By Midge Pierce
A shift in proposed housing densification from vast tracts east of I-205 inward to more neighborhoods in inner SE and NE is a significant change to Portland’s Residential Infill Project (RIP).
As planners pitch the RIP amendments released last month, they say the rationale for revising housing overlay boundaries is to steer growth closer to inner City amenities. Subtracting parcels in Portland’s outermost reaches limits displacement, officials claim, of vulnerable populations caught in potential redevelopment.
While most growth is intended to land along commercial strips, side-streets in Buckman, Kerns, Richmond, Sunnyside, across Laurelhurst, into the Tabors and down through Sellwood and even Eastmoreland, (plus others on the inner Eastside) are expected to absorb the heaviest load of multi-unit residential Infill that essentially eliminates single family neighborhoods.
At a RIP reveal event, Chief City Planner Joe Zehnder described the plan as a way to ensure prosperous, healthy, equitable growth through initiatives such as “middle housing” units revised to fit the scale of existing homes. The City contends densification is needed for a 35% population increase by 2035.
In addition to compressing more growth into the City’s inner ring and allowing additional living units on single family lots, key plan points include rezoning some historically narrow lots from R5 to R2.5, clarifying allowable lot-splits, providing incentives for internal conversions of historic properties and adjusting design elements such as setback alignments.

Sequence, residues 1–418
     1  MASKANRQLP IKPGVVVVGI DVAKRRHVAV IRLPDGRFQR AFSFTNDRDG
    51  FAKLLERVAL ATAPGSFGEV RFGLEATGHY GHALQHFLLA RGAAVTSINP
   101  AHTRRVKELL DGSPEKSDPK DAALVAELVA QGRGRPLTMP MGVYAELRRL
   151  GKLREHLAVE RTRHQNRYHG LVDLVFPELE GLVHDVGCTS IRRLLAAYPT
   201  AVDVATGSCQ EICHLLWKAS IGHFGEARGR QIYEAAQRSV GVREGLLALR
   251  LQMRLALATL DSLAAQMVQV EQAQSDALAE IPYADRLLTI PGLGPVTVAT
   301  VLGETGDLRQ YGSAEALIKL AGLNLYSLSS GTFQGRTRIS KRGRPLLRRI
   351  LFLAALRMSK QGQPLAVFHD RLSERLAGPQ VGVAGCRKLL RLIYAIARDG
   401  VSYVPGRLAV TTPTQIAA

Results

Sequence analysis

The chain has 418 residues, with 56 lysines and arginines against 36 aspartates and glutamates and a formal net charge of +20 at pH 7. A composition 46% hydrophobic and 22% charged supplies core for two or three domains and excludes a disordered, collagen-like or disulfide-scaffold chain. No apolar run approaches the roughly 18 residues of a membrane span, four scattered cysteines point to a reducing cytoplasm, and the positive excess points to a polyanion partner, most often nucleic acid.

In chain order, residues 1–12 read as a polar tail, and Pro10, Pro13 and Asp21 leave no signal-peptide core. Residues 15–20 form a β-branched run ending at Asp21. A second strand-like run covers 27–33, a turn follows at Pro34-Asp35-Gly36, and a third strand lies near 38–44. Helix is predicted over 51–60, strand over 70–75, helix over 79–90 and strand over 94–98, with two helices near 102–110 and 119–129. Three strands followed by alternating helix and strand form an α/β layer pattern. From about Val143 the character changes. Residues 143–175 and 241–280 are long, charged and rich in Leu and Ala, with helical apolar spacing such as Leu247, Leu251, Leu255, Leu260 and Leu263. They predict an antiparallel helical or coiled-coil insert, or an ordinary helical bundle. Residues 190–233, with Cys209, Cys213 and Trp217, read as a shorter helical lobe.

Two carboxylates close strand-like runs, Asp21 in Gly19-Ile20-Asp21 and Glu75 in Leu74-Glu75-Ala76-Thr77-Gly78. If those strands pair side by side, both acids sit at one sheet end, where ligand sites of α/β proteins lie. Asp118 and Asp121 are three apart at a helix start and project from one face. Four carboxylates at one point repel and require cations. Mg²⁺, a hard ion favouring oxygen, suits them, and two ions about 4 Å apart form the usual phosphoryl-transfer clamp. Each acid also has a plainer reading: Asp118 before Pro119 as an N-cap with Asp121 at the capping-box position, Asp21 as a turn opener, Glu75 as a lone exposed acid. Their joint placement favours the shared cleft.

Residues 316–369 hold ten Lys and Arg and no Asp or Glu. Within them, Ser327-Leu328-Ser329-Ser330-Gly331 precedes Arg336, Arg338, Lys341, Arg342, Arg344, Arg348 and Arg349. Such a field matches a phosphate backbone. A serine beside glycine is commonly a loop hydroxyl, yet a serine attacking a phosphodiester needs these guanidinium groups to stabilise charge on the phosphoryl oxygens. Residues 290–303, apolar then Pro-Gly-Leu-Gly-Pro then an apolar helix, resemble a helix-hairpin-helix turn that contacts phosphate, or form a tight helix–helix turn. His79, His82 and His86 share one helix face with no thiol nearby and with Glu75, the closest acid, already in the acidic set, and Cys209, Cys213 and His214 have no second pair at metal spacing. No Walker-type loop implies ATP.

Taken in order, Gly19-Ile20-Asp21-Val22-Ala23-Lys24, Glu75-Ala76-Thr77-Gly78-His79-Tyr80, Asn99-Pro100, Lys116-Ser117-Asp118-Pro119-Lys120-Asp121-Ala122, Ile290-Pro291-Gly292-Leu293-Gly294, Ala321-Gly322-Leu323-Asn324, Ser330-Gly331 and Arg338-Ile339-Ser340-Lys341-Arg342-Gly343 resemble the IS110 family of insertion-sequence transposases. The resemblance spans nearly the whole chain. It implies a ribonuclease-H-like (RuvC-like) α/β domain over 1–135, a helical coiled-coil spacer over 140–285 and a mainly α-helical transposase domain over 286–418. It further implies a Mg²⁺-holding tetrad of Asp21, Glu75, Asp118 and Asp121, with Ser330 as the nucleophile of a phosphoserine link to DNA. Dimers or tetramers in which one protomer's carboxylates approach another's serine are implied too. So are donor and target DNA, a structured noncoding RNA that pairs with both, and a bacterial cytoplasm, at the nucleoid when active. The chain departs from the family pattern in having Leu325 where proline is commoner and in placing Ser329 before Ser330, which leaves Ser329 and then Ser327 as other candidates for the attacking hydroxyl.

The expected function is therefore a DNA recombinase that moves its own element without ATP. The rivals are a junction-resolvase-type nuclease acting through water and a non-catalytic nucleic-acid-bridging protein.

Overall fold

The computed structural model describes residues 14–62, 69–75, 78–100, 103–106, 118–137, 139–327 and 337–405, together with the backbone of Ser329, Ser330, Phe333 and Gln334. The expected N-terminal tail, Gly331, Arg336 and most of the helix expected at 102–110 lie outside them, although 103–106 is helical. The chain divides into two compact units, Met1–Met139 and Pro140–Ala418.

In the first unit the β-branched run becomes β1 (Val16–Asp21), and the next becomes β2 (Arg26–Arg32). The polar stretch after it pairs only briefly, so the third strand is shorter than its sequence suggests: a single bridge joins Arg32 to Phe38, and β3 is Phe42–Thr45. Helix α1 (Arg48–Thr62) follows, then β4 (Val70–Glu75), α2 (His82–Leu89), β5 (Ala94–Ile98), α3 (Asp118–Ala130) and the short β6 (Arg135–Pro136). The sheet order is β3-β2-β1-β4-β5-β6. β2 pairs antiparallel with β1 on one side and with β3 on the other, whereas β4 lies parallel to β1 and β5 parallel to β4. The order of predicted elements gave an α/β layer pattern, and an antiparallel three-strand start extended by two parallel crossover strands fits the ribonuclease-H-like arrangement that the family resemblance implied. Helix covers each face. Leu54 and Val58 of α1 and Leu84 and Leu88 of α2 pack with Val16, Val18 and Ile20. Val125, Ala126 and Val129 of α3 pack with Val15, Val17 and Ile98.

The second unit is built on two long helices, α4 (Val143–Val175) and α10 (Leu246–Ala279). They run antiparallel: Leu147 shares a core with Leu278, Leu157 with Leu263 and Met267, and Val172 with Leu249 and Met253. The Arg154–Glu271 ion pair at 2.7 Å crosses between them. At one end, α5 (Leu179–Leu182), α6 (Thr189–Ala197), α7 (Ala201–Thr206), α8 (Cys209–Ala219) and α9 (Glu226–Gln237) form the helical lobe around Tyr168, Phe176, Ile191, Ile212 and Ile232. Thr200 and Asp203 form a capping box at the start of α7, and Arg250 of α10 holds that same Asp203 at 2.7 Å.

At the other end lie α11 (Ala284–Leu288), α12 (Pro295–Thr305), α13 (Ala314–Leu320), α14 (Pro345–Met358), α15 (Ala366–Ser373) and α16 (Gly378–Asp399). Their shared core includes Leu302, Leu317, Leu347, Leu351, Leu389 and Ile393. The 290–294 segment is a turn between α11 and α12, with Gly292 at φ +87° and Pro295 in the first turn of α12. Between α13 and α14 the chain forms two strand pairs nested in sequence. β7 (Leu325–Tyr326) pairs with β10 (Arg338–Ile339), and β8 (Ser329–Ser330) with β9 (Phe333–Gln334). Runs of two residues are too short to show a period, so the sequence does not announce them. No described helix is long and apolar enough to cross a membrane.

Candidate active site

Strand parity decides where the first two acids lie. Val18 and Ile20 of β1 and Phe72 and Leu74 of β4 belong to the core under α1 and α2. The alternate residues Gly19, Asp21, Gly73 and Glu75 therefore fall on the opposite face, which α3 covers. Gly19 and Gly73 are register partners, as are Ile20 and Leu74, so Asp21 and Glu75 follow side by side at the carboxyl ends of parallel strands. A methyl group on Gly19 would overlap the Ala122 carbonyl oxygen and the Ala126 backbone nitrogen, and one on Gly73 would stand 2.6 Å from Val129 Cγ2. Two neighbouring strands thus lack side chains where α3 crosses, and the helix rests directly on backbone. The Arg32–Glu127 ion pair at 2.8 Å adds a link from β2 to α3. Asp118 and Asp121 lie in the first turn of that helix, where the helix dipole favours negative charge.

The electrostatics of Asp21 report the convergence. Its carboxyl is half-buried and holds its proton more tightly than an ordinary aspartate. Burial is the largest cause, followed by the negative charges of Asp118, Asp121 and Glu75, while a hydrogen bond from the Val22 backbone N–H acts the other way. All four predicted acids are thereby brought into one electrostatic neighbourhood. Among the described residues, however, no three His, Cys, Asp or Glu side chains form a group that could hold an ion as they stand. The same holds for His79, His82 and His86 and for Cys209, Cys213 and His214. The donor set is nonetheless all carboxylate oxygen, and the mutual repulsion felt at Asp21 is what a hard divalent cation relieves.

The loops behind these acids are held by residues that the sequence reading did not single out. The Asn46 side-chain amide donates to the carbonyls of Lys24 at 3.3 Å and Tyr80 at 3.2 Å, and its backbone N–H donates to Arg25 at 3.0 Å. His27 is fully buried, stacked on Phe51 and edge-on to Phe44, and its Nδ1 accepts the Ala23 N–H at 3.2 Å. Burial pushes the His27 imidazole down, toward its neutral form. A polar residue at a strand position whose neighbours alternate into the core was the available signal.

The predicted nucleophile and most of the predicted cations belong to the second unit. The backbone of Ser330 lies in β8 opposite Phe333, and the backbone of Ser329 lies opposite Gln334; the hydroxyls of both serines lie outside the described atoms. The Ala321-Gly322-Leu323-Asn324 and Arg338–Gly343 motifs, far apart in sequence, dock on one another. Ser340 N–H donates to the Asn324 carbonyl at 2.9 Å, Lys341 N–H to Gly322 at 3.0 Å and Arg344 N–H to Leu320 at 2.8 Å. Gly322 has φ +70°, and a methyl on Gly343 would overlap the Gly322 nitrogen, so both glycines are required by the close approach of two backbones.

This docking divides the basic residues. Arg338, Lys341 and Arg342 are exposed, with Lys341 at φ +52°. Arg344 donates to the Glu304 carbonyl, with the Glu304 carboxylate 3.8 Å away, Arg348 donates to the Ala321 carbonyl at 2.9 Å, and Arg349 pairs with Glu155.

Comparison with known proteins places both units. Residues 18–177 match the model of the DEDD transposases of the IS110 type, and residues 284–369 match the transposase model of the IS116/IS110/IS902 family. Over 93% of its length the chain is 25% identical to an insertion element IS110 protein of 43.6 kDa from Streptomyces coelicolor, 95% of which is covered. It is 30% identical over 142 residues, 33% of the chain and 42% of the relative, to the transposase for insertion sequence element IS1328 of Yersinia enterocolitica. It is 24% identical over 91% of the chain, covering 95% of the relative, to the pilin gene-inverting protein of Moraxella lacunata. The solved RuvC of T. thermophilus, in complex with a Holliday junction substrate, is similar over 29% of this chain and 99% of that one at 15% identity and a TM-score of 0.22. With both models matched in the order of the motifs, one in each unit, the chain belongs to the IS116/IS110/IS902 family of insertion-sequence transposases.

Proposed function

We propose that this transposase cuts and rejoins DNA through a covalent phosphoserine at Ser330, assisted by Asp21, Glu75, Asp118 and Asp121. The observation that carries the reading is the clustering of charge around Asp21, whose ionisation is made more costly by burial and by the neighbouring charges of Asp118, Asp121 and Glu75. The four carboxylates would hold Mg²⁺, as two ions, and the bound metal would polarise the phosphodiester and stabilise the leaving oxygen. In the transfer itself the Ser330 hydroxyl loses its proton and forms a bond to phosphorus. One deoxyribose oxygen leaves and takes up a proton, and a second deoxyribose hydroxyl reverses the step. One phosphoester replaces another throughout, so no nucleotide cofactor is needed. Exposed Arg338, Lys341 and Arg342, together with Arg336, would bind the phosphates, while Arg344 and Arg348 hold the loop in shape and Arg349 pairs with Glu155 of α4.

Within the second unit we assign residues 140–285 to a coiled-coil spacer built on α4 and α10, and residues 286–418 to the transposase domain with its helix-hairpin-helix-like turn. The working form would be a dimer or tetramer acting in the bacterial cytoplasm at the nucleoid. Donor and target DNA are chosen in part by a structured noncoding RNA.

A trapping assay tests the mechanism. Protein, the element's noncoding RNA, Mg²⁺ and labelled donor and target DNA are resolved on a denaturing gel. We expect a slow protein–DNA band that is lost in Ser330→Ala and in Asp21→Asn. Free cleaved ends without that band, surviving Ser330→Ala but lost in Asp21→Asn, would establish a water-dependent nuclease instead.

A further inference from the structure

Planners tout a “visitability” feature that requires easy access entrances (fewer steps and obstructions) to at least some accessory dwelling units (ADUs). Questions about infrastructure stresses, traffic congestion and parking shortages linger. Parking for narrow lots, for instance, is allowed but not required.
In the quadrant that stretches up to I-84, the most dramatic change will be to R-5 lots, the lion’s share of area zoning.
“Make no mistake. The bulk of densification lands squarely on the Eastside within 3 miles of downtown,” says citizen-analyst John Liu. “RIP doubles allowable density without a citizen vote.”
After the meeting, an observer pointed to the new map showing disproportionate Infill distribution on the inner Eastside. He questioned if the new boundary would undermine City promises to make improvements farther East; an area with large yards, less congestion, massive parking lots and affordability, but lacks sidewalks and services.
A few blocks away at a roundish coffeeshop table, Infill wonks parsed how RIP could play out with duplexes plus 2 ADUs, corner lots featuring triplexes with 1 ADU and clusters of cottages with an ADU each. In some cases, they determine, 8 per lot units of 538 square feet each could be allowed.
“Residents won’t understand the impact of the Residential Infill proposal until it hits their neighborhood,” warned Michael Molinaro, a disillusioned participant in a citizen’s advisory committee (RIPSAC) that reviewed infill concepts.
Builders build what sells, not what’s needed, he said. “Supporters are drinking the Koolaid of affordability. Developers are not their friends. Build what sells, not what is needed.”
At a time when fewer than half of Portland can afford single family homes with minimum prices approaching $400K, project proponents claim driving density close to downtown and public transportation is a way to lower living costs.